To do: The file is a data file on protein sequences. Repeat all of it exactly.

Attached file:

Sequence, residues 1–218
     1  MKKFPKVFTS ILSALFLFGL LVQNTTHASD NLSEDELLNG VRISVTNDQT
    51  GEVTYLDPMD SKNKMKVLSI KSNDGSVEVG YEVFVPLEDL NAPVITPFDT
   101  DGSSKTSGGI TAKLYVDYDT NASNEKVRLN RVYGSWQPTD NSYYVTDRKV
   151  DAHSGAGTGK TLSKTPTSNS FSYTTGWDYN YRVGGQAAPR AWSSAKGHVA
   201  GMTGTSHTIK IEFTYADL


Sequence, residues 1–218
     1  MKKFPKVFTS ILSALFLFGL LVQNTTHASD NLSEDELLNG VRISVTNDQT
    51  GEVTYLDPMD SKNKMKVLSI KSNDGSVEVG YEVFVPLEDL NAPVITPFDT
   101  DGSSKTSGGI TAKLYVDYDT NASNEKVRLN RVYGSWQPTD NSYYVTDRKV
   151  DAHSGAGTGK TLSKTPTSNS FSYTTGWDYN YRVGGQAAPR AWSSAKGHVA
   201  GMTGTSHTIK IEFTYADL